Probiotic Loaded Fermented ColeslawUpdated: April 04, 2018 Condiments, Sauces and Dressings, Fermented Foods, Gluten and Grain Free, Recipes
Basic slaw, German slaw, Asian slaw – you name it. It’s all yummy to me.
The primary ingredient of coleslaw is shredded raw cabbage. Unfortunately, as any woman who has breastfed knows, for those first few months, cabbage is a no-no for Mom to eat as it frequently produces a lot of gas in a breastfed infant particularly if the cabbage is raw.
Cabbage is part of the cruciferous family of vegetables which also includes broccoli, cauliflower and bok choy among others.
I really missed eating coleslaw the first 6 months breastfeeding my first child. Fortunately, after that, his digestion was mature enough to handle my consumption of crucifers, so I happily devoured my coleslaw from that point forward.
Then I discovered the wonders of Traditional Diet and fermented foods!
Knowledge is power isn’t it gals? With my next two children, I was able to consume traditionally prepared sauerkraut and kimchi in small amounts even during the first few months of lactation after the baby was born.
Something about the fermentation process seems to significantly reduce the gassiness of the raw cabbage at least to a point where I could consume it in small amounts without a problem for baby.
But I still missed my coleslaw!
As it turns out, I didn’t need to avoid my beloved coleslaw even while breastfeeding because it is so easy to make a fermented coleslaw yourself using traditionally prepared sauerkraut and healthy mayo.
These days when I’m eating coleslaw at home, it is always fermented. This is the case even though I’m no longer breastfeeding. Why not add improved digestibility, enzymes and probiotics to the delicious mix?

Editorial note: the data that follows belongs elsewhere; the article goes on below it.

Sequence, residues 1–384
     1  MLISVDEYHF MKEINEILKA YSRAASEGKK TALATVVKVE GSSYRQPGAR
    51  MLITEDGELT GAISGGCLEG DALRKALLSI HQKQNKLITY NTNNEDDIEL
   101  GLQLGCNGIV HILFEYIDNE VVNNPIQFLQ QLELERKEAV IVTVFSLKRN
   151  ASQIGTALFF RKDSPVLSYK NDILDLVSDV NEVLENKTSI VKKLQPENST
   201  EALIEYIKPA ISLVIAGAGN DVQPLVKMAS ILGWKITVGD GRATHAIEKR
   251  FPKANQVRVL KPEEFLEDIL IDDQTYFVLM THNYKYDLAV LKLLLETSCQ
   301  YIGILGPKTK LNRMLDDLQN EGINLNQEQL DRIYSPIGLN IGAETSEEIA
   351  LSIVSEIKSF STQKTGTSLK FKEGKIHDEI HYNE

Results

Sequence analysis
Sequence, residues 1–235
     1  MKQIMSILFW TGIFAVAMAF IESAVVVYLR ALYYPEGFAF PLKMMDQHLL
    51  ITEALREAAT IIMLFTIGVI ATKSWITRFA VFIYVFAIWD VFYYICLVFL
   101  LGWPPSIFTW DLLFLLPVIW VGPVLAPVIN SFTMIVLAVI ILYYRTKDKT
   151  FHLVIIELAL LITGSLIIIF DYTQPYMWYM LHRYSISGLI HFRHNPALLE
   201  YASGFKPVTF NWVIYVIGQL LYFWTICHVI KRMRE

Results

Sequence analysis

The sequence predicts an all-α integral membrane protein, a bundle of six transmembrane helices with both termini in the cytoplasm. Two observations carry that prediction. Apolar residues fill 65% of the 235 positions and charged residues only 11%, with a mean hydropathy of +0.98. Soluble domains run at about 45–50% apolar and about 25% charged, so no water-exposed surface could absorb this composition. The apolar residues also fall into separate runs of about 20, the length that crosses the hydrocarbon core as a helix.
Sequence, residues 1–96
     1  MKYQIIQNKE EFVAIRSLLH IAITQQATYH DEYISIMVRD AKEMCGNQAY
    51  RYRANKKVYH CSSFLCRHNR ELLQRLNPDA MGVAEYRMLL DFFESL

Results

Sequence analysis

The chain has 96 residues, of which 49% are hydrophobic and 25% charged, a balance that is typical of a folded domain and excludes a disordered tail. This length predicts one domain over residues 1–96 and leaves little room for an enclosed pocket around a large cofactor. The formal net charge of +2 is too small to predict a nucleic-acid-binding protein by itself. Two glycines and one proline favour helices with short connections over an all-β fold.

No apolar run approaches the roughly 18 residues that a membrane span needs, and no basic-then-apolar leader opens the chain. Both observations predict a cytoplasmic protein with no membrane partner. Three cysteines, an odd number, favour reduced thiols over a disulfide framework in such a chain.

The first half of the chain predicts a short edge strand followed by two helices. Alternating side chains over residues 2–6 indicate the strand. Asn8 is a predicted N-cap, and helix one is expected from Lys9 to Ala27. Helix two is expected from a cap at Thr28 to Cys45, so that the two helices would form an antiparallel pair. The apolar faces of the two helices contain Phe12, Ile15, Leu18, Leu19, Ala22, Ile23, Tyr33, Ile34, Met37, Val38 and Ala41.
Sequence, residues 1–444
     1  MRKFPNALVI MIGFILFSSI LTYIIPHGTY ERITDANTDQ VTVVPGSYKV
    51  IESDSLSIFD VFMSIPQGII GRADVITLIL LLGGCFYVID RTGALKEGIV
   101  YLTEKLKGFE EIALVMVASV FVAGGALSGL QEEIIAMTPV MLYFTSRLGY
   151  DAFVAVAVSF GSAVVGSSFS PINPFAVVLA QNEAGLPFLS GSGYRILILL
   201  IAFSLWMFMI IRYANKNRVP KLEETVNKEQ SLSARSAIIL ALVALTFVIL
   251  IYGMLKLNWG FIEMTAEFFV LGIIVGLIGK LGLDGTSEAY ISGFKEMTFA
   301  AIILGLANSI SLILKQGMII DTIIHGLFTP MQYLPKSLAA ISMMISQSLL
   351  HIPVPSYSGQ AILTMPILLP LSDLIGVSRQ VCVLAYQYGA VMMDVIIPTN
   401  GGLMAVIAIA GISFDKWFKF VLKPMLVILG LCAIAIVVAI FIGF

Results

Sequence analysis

This fermented coleslaw is ideal pared with homemade fish and chips, grassfed burgers or a simple grilled cheese sandwich (fried up in grassfed butter of course!).
Lacto Fermented Coleslaw
The recipe below makes about 1 cup of probiotic rich coleslaw. Due to the super rawness of the cabbage in the coleslaw, you may find that this condiment works very well as a natural reflux remedy. This approach is suggested by Dr. Natasha Campbell McBride in her bestselling book on resolving gut imbalance.
Fermented Coleslaw Recipe
Easy recipe for fermented coleslaw that is a great substitute for sauerkraut as a beneficial condiment to promote full digestion of a meal.
Mix all the ingredients together and eat immediately.
Refrigerate any fermented coleslaw leftovers.
The best sauerkraut is always homemade. This tutorial on how to make sauerkraut includes recipe and how-to videos.
If you choose to buy sauerkraut, you must buy a healthy brand in the refrigerated section of the healthfood store. It must be perishable to have value! Shelf stable sauerkraut is not raw and contains no probiotic value.
Wondering about which mayo to use? This recipe plus video shows you how to make mayo. This is the best option. Need it made without eggs and/or dairy? This recipe plus video shows you how to make egg free mayo.
If you choose to buy this ingredient, be sure the mayo is made with healthy oils!
Sarah, The Healthy Home Economist
The Healthy Home Economist holds a Master’s degree from the University of Pennsylvania. Mother to 3 healthy children, blogger, and best-selling author, she writes about the practical application of Traditional Diet and evidence-based wellness within the modern household. Her work has been featured by USA Today, The New York Times, ABC, NBC, and many others.